“Like a pot of tea or boiled eggs a homemade white tin loaf is one of life’s simple pleasures”.

It can be easy to make the simplest things in life unduly complicated and I do enjoy a challenge, but sometimes there is a real pleasure in getting back to basics with a simple, humble loaf.

So, this week I have asked Vanessa Kimbell to come up with a step-by-step guide to a simple loaf. It’s an ideal recipe to share with friends or family that are new to bread making to inspire them to have a go.

If like me, and Paddington, you have a penchant for marmalade spread over warm buttered toast then we’ve got two places you can win on marmalade expert Vivien Lloyd’s course, being held at The Sourdough School, in Northampton on Friday 30th January. All you have to do is email competiton@bakerybits.co.uk with a photo of your own home baked bread and you will automatically be entered to win a place.

For those of us who are ninja bread makers, there is still something comforting and familiar about baking a simple white tin loaf. It’s like playing an old song you know the words to. Take a look at the recipe, or if you prefer, why not download and print a copy?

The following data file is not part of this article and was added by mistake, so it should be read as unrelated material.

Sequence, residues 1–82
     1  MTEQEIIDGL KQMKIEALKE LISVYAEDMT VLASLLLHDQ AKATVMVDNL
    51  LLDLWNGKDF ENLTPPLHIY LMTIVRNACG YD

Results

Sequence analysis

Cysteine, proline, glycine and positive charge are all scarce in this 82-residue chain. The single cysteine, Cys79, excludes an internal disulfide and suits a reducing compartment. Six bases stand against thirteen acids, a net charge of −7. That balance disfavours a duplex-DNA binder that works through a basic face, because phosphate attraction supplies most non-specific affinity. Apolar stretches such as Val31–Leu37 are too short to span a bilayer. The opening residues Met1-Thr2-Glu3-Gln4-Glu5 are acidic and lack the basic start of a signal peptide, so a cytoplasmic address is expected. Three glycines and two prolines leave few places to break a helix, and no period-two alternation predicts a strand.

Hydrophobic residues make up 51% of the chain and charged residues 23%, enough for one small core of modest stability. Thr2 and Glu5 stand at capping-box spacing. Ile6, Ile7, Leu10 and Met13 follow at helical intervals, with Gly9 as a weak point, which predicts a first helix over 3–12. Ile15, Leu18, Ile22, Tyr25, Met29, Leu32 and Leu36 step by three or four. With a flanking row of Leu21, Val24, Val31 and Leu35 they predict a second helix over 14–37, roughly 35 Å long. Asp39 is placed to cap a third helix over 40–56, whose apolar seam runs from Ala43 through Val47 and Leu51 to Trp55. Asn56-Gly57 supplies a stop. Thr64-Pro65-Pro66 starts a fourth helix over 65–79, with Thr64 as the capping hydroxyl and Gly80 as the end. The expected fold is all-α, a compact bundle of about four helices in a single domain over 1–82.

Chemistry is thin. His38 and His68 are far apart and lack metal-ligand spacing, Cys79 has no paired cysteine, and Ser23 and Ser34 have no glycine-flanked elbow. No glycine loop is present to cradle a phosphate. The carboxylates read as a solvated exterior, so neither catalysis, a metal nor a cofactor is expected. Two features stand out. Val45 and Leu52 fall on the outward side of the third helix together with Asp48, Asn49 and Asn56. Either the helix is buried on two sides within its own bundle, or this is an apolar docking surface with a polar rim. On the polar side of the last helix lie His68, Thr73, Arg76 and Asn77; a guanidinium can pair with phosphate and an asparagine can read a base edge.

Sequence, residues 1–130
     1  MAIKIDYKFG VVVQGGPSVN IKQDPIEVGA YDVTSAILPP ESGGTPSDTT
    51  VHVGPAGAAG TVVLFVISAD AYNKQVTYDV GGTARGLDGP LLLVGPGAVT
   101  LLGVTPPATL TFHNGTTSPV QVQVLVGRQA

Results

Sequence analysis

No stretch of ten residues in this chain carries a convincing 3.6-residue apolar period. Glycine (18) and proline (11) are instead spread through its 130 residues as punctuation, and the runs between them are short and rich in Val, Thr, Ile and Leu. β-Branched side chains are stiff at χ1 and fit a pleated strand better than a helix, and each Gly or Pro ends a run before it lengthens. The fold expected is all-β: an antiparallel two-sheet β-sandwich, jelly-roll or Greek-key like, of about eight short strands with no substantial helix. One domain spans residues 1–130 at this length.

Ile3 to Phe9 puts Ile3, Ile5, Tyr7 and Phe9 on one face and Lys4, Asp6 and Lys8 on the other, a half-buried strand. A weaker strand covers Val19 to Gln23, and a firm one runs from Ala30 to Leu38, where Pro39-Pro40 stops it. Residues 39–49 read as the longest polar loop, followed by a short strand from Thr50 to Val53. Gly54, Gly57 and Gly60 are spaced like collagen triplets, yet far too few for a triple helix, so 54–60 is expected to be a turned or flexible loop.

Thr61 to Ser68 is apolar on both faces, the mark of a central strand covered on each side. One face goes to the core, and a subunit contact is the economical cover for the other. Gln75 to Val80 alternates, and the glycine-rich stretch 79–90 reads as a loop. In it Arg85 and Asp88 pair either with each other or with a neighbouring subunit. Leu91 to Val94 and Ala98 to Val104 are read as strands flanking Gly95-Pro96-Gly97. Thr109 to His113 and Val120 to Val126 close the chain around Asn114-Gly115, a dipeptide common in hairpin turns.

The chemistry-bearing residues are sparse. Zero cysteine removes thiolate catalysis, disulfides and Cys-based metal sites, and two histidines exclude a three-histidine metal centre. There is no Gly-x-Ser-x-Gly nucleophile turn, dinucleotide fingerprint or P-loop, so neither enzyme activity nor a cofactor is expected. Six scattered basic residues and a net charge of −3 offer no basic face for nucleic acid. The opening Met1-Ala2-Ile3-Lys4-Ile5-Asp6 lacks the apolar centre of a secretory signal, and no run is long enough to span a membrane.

This is also the ideal first loaf, and I have to thank my youngest daughter for volunteering to help with the photographs. It doesn’t matter how old you are, there is real delight in baking your very own loaf, so I’d highly recommend this beginner’s bread making kit, as it has everything you need to get started.

My tips to make the perfect white loaf

• Use a good quality artisan flour. I love stoneground flour as it is more nutitious and flavoursome.

• Use a good quality tin. Cheap tins do bread no favours: a good tin will not only last for many years, but also your bread will bake evenly and will not stick to the base of the tin.

• Don’t use old yeast that has been lingering at the back of the cupboard for months. A new pack of yeast will guarantee that your loaf will rise.

• Do use sea salt. Good quality sea salt will give your bread flavour, help develop the gluten, and add micro nutrients to your everyday loaf.

• Measure things accurately. Many experts can get the quantities correct by feel, one of the ways that beginners – and some experts can get it wrong. Using accurate scales to measure all of the ingredients and a decent thermometer can make a big difference to the reliability of your bakes.

• Practice makes perfect. Baking bread well is a skill and takes time to develop, although recipes like the basic white is ideal for beginners. Develop your skills through reading or attending a course near you.

Don’t forget to take a look at our clearance lines.

Baker’s Starter Kit

The ideal get-started bread baking kit for beginners, comprising the excellent book Dough and lots of equipment to start baking bread.

USA Pan 2lb loaf tin

A tough 2lb loaf pan from USA Pan, part of the Bundy family also making the renowned Chicago Metallic range, made from commercial grade bakeware and is designed for frequent use.